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I have created a Regular Expression (using php) below; which must match ALL terms within the given string that contains only a-z0-9, ., _ and -.

My expression is: '~(?:\(|\s{0,},\s{0,})([a-z0-9._-]+)(?:\s{0,},\s{0,}|\))$~i'.

My target string is: ('word', word.2, a_word, another-word). Expected terms in the results are: word.2, a_word, another-word.

I am currently getting: another-word.

My Goal

I am detecting a MySQL function from my target string, this works fine. I then want all of the fields from within that target string. It's for my own ORM.

I suppose there could be a situation where by further parenthesis are included inside this expression.

share|improve this question
Hint: {0,} is the same as *. – deceze Jul 11 '12 at 8:39
Can any of the terms in the parenthesis be quoted, or only the first one? Can there be an arbitrary number of quoted terms? Maybe you could show us a couple more examples of your input. – Flimzy Jul 11 '12 at 8:43
Also, do you need to handle nested parentheses? Will all parentheses always be correctly balanced? Can there be parentheses inside quoted strings? Can there be (escaped or other) quotes inside quoted strings? If you want a regex to handle this, you need to address these issues. – Tim Pietzcker Jul 11 '12 at 8:45
Thanks for taking the time to edit your question, however the edits have not clarified that much. For example, word within quotes does satisfy the rules you specified. – Tim Pietzcker Jul 11 '12 at 13:43
I hope my latest revision has improved the confusion between my question. – ash Jul 11 '12 at 13:49
up vote 1 down vote accepted

From what I can tell, you have a list of comma-separated terms and wish to find only the ones which satisfy [a-z0-9._\-]+. If so, this should be correct (it returns the correct results for your example at least):


The main issues were:

  • $ at the end, which was anchoring the query to the end of the string
  • When matching all you continue from the end of the previous match - this means that if you match a comma/close parenthesis at the end of one match it's not there at match at the beginning of the next one. I've solved this with a lookbehind ((?<=...) and a lookahead ((?=...)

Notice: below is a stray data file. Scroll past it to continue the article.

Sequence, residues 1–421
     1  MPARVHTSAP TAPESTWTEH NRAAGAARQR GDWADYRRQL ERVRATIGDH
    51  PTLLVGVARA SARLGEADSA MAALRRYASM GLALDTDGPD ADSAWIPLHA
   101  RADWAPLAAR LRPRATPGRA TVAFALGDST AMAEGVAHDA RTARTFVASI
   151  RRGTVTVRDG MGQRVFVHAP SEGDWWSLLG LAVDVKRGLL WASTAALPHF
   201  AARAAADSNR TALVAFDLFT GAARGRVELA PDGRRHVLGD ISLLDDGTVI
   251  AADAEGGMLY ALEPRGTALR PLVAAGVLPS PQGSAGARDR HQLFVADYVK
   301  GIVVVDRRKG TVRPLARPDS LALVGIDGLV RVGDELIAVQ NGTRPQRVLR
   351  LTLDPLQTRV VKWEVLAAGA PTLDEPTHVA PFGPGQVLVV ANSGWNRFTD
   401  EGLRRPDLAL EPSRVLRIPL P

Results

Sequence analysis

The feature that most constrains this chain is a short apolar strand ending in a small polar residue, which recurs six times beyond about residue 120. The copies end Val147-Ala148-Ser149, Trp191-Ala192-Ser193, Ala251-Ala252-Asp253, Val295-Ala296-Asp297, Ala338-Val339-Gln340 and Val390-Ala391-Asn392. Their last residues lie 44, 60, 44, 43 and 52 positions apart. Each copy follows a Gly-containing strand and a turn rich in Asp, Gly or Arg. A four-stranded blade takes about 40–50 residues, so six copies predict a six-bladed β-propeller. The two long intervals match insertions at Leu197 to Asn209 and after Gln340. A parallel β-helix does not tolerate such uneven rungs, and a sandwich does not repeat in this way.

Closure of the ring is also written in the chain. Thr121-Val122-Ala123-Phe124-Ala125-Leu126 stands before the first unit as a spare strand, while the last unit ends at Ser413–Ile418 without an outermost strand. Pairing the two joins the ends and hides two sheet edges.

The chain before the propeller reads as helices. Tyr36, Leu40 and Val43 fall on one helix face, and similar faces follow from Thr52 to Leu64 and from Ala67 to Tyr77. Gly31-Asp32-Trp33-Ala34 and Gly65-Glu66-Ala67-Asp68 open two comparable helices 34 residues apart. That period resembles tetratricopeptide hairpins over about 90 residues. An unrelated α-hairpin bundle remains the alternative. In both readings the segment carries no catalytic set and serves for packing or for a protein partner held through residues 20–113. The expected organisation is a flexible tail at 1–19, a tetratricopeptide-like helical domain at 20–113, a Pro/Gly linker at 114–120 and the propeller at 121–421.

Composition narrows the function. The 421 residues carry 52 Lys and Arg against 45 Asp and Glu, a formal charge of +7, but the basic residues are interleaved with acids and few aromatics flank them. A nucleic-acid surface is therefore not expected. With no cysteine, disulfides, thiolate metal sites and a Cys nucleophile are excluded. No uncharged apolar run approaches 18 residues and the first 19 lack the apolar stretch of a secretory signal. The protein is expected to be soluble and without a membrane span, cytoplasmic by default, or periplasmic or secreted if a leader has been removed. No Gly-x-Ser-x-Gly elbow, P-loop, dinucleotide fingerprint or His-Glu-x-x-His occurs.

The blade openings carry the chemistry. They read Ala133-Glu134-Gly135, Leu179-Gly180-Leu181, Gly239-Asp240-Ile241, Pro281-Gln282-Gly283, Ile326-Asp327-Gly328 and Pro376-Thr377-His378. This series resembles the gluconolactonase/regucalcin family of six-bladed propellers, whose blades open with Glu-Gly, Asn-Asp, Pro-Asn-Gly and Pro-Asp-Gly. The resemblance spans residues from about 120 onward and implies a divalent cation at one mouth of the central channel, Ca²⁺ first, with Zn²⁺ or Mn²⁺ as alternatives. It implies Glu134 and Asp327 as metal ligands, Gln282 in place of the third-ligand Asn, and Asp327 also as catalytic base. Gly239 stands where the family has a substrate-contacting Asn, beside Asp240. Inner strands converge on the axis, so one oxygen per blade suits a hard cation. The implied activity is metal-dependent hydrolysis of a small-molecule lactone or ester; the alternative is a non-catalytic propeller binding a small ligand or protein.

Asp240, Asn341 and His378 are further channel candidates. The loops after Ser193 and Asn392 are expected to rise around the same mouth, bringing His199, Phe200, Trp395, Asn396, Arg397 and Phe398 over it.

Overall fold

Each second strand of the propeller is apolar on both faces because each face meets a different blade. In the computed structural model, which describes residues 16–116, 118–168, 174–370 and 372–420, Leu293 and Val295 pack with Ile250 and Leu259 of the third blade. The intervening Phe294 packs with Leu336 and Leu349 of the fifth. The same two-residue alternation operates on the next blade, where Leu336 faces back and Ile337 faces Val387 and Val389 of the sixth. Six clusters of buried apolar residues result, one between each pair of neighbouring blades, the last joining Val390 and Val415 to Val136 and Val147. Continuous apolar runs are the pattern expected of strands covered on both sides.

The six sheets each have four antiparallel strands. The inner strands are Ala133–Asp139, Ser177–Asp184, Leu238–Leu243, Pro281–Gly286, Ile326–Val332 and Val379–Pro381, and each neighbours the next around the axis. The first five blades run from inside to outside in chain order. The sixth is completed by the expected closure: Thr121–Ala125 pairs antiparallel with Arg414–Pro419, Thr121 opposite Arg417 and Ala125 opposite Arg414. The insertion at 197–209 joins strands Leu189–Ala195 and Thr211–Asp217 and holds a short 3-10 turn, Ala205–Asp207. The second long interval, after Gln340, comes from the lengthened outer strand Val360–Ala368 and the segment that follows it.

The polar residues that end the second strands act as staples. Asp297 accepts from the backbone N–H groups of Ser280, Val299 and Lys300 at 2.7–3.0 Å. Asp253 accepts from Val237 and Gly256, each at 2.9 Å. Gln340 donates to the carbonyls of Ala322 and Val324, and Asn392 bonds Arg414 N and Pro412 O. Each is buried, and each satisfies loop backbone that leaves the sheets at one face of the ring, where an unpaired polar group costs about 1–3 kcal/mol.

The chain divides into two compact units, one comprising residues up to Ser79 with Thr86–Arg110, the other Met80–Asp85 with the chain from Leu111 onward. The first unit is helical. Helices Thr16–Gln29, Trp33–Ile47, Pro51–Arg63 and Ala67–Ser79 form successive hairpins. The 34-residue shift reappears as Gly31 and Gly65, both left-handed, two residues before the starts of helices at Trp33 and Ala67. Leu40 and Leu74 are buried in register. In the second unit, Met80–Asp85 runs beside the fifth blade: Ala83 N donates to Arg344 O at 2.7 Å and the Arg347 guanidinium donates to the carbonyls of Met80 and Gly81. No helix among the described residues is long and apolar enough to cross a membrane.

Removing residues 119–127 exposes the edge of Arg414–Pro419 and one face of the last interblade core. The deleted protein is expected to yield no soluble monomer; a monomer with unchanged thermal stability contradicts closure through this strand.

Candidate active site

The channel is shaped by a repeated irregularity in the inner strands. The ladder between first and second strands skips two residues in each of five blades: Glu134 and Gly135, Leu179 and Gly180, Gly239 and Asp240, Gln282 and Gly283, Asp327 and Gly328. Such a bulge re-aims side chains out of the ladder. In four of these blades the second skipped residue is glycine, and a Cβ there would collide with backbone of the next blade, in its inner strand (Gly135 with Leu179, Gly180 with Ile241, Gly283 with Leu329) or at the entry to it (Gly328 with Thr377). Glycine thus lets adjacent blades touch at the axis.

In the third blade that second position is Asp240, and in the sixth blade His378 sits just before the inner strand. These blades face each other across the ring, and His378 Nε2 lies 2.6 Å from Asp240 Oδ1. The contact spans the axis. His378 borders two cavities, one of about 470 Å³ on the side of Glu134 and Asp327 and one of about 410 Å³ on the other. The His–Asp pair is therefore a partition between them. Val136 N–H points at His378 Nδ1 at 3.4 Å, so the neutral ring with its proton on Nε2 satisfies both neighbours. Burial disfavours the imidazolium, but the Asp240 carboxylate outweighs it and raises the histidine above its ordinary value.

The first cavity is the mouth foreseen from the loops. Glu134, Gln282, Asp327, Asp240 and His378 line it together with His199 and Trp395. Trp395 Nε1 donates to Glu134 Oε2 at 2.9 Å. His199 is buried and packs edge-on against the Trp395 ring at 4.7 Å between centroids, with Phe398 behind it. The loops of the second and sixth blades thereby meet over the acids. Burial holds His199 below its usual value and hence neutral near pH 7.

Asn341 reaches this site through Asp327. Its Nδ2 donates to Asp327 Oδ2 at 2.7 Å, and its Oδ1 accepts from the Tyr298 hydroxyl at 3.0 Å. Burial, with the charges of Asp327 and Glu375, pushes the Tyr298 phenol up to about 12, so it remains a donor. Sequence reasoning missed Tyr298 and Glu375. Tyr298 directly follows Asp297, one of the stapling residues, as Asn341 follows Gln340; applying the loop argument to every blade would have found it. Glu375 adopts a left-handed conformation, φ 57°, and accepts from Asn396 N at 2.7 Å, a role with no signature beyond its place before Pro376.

• Your backslashes need to be double escaped since the first one may be stripped by PHP when parsing the string.

EDIT: Since you said in a comment that some of the terms may be strings that contain commas you will first want to run your input through this:

$input = preg_replace('~(\'([^\']+|(?<=\\\\)\')+\'|"([^"]+|(?<=\\\\)")+")~', '"STRING"', $input);

which should replace all strings with '"STRING"', which will work fine for matching the other regex.

share|improve this answer
Thanks for the clear response, nice to understand the regex better than I did. – ash Jul 11 '12 at 14:13

Maybe using of regex is overkill. In this kind of text you can just remove parenthesis and explode string by comma.

share|improve this answer
Correct. Use the regex ([^)]*) to match the entire parenthesised part of the string, then use plain old string functions - explode and friends - to do the rest. – Li-aung Yip Jul 11 '12 at 8:48
What if a comma occurs within a quoted string? – Tim Pietzcker Jul 11 '12 at 8:48
Oh well, he should know what can appear in his string, not me. My point is to avoid regex if you can. – drupality Jul 11 '12 at 8:49
Yes, but if commas could appear in the strings, regex would be the preferable solution, IMO. But you're right, the problem is ill-defined and therefore currently unanswerable. – Tim Pietzcker Jul 11 '12 at 13:40
I have updated the question. I also don't really like iterating on exploded string inside an iteration, there could also be commas inside the quoted string, and spaces before/after the commas may/may not exist also. – ash Jul 11 '12 at 13:51

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